Did you use any governmental support while entering Japanese market?

We have tried to use the EU support. There is the EU-Japan centre, and there are different grants for developing business in Japan. We took advantage of these possibilities, and we are successful with winning grants. Even my first visit was supported by a European action in Tokyo – it was a small exhibition for 40 European companies. Also there are different training possibilities. We sent a colleague to Tokyo for a one-year-long training program. She studied the Japanese language and Japanese business for a year at Waseda University. After graduation it was too difficult for her to live in Japan as a single lady, so she came back. But she started with setting up our office in Tokyo, and currently we are thinking about how to continue our presence in Tokyo. It is important, because the Japanese need strong personal contacts. They really like to share their ideas and discuss if they are good or not, and they are interested in opinions of other people. With our office there we can offer them the support which is needed.

What are your plans in the region?

Since my first visit in Japan in 2011, our company decided to expand our activities there. We are currently working only on development services, but we have a whole range of products that we could offer in Japan. I decided that if we manage to find one customer, or if one customer will manage to find us, we will try product export. Our current customer has already introduced us to other businessmen in Japan, his friends or business partners. Based on these networks, we have started to add new customers. Just next week, we will have two visits from Japan from two different companies so we have started to push that way. It is a big investment, and I think there is a long way to have results. A big investment is different for every single company. For us as a small IT company, we need to start differently than, for example, big companies. We tried to keep our investment as low as possible but even in our case it costs a lot of money.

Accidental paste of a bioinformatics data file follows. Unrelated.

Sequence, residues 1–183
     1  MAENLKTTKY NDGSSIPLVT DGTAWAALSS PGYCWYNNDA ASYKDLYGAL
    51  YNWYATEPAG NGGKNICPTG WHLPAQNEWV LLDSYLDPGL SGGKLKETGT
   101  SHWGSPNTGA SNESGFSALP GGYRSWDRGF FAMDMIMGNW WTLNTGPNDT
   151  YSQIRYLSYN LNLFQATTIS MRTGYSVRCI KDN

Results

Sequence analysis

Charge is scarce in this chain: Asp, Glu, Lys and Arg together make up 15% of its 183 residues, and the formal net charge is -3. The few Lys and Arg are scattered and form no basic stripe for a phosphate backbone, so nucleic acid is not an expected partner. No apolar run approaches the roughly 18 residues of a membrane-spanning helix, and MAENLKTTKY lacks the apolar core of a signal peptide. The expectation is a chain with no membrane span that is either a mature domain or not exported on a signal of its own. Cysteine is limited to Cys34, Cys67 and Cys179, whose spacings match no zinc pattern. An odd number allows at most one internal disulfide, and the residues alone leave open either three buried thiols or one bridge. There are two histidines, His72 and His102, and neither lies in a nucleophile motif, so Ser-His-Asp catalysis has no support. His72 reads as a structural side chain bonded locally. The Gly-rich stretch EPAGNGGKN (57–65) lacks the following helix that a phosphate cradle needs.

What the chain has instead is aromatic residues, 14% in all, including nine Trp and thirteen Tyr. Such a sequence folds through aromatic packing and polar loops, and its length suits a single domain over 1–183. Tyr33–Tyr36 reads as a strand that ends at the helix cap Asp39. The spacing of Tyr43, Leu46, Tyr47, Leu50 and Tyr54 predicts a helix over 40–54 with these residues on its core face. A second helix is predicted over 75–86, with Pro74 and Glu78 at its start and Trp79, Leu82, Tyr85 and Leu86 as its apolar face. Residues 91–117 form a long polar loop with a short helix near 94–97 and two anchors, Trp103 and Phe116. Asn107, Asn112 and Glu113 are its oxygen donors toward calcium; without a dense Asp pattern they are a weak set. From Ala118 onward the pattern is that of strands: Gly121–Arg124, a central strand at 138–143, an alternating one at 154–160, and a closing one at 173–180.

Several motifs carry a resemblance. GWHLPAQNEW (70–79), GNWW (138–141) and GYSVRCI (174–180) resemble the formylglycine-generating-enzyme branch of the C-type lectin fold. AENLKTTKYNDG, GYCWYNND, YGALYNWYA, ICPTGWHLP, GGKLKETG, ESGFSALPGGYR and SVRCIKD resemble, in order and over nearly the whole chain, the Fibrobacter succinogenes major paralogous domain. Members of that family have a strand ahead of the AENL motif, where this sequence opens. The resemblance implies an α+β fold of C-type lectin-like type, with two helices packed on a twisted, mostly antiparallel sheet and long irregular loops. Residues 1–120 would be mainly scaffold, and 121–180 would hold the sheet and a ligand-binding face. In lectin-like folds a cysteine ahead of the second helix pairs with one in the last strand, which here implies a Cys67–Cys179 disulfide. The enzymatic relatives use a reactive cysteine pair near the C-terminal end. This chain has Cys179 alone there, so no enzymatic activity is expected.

Sandór Danko – ITware

Sandór Danko is the CEO of the ITware which is almost the only one IT company in Hungary that has been the supplier and development partner of the biggest Hungarian mobile service provider for nearly a decade. With its own development ITware is a leader in creating data communication solutions and it is also a global pioneer in spreading mobile TV.

Since 2001 ITware’s key to success is not only selling products but also offering complex solutions for its customers. ITware is primarily engaged in custom software development, but its activity covers the entire spectrum of IT – from business consulting through development, implementation and operation of new systems.

Mr. Danko is in charge of many projects such as the KOJIMORI (an innovative, cloud-based remote data collection system, which makes valuable data, collected from different types of measuring devices at different remote locations, accessible anywhere), FLEE Tware (ITware’s FLEETware system integrates state-of-the-art technologies to provide a complex, robust and highly customizable fleet tracking solution, based not only on GPS, but also on mobile cell data), APPaware (APPaware provides access to achievements of ITware in the fields of industrial and mobile software development) or MOROMIKUN (Moromi-kun is a tablet M2M application for the busy professionals in the food industry) etc.